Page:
Petitioner was sentenced on February 22, 2006. Under California's determinate sentencing law in effect at that time, the trial court was statutorily directed to impose the middle term of three possible terms (upper, middle and lower), unless there were circumstances in aggravation or mitigation of the crime. Cal. Penal Code §1170(b) (2004); see also Cal. R. Ct. 4.420, 4.421, 4.423 (1977). Circumstances in aggravation and mitigation had to be established by a preponderance of the evidence, and selection of the upper term was justified only if, after consideration of all relevant facts, the circumstances in aggravation outweigh the circumstances in mitigation." Cal. R. Ct. 4.420(b). The Rules specified a non-exhaustive list of aggravating and mitigating factors, including factors relating to the crime and to the defendant. Cal. R. Ct. 4.421, 4.423.

Subsequent to petitioner's conviction and sentence becoming final, in Cunningham v. California, the United States Supreme Court, citing Apprendi, Blakely, and United States v. Booker (543 U.S. 220 (2005)), held that California's determinate sentencing law violated a criminal defendant's right to jury trial to the extent it permitted a trial court to impose an upper term based on facts found by the court rather than the jury. Cunningham, 549 U.S. 270 (2007). The Ninth Circuit has held that Cunningham did not announce a new rule of constitutional law, and therefore must be applied retroactively on collateral review. Butler v. Curry, 528 F.3d 624, 639 (9th Cir. 2008).

In any event, the application of Cunningham does nothing for petitioner's claim. Under California law, only one aggravating factor is necessary to set the upper term as the maximum term. See Cal. R. Ct. 4.420; People v. Cruz, 38 Cal.App.4th 427, 433 (2nd Dist. 1995); People v. Forster, 29 Cal.App.4th 1746, 1758 (4th Dist. 1994). At petitioner's sentencing, the trial court identified four aggravating circumstances and, based thereon, selected the upper term of three years for evading a peace officer. One of the aggravating circumstances found by the court was "the fact of a prior conviction" within the meaning of Apprendi, Blakely, and Cunningham.

Apprendi, Blakely, and Cunningham clearly establish that, unlike other aggravating factors, the fact of a prior conviction need not be submitted to a jury and proved beyond a reasonable doubt in order for it to be used by a sentencing judge to increase the penalty for a crime. Apprendi, 530 U.S. at 490; Blakely, 542 U.S. at 301; Cunninham, 549 U.S. at 288-89. The fact of petitioner's prior conviction, by itself, authorized imposition of the upper term. Any additional fact finding done by the sentencing court was relevant only to the selection of a sentence within the authorized statutory range. See Butler, 528 F.3d 624 (9th Cir. 2008) ("The Sixth Amendment does not prevent judges from 'exercis[ing] discretion-taking into consideration various factors relating both to offense and offender- in imposing a judgment within the range prescribed by statute.'") (emphasis in original) (quoting Apprendi, 530 U.S. at 481)). Petitioner's upper term sentence was within the allowable statutory maximum, and she fails to set forth a colorable claim of a violation of federal law.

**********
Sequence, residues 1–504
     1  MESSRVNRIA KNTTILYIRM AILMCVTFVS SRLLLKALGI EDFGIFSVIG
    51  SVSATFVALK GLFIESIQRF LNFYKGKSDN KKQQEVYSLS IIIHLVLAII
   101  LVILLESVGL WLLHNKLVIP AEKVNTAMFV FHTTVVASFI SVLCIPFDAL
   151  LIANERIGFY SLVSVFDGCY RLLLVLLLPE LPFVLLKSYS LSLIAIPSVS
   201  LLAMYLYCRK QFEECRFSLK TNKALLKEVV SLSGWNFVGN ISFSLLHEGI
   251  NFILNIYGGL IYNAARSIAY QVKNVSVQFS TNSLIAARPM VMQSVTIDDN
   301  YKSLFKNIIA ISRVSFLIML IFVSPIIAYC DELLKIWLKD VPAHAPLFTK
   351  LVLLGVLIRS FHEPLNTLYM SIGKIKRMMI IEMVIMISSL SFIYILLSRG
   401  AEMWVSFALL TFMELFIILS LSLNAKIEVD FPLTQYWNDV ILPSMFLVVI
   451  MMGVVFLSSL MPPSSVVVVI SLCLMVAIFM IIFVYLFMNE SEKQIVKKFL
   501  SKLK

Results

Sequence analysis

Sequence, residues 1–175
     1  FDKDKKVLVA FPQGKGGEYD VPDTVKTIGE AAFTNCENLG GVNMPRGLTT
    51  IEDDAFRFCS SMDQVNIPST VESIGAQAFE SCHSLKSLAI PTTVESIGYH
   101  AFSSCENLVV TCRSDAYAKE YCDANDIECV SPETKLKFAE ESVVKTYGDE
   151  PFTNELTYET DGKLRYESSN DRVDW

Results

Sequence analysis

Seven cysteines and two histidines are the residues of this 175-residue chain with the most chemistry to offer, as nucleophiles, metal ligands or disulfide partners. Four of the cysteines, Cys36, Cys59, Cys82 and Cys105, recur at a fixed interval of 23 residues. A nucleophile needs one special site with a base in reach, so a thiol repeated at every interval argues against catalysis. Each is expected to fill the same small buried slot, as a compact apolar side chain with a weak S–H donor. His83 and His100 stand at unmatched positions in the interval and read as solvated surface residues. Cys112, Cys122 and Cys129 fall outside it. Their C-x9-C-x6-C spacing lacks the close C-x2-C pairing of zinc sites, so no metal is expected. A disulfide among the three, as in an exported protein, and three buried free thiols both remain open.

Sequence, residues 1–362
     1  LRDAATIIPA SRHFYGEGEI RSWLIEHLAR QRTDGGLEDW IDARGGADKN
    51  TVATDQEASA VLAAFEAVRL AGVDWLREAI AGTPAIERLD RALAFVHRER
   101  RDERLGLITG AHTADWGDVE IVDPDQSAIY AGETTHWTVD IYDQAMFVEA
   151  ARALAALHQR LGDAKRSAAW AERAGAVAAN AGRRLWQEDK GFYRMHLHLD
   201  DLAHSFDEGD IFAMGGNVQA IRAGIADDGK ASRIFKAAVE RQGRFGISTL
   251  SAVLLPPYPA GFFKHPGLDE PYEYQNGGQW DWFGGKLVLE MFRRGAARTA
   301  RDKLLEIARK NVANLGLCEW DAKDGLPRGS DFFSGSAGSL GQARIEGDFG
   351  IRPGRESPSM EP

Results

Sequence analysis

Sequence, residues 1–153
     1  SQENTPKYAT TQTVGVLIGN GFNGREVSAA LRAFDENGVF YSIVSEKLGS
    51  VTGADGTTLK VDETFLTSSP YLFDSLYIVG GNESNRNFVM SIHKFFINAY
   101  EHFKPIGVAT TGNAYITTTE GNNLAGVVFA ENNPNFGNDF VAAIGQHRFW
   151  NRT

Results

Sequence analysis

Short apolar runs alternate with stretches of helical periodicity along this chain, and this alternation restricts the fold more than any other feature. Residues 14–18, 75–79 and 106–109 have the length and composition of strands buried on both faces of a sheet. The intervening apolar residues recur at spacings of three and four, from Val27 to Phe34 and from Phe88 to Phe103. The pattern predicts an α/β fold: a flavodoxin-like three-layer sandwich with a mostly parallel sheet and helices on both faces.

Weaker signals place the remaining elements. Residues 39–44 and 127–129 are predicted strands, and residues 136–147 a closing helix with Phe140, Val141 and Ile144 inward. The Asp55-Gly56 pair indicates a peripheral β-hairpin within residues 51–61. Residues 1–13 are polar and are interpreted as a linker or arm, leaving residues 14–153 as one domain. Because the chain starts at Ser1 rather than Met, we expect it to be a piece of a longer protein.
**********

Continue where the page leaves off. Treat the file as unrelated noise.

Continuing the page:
To the extent petitioner contends that the trial court's selection of the upper term violated state law, and specifically the California Constitution, her claim likewise fails. Federal habeas corpus relief will not lie to correct an alleged error in the interpretation or application of state law. Estelle v. McGuire, 502 U.S. 62, 67-68 (1991).


For the foregoing reasons, the petition for writ of habeas corpus is hereby DENIED. In addition, because petitioner failed to make a substantial showing of the denial of a constitutional right, a certificate of appealability shall not issue in this case. See 28 U.S.C. § 2253.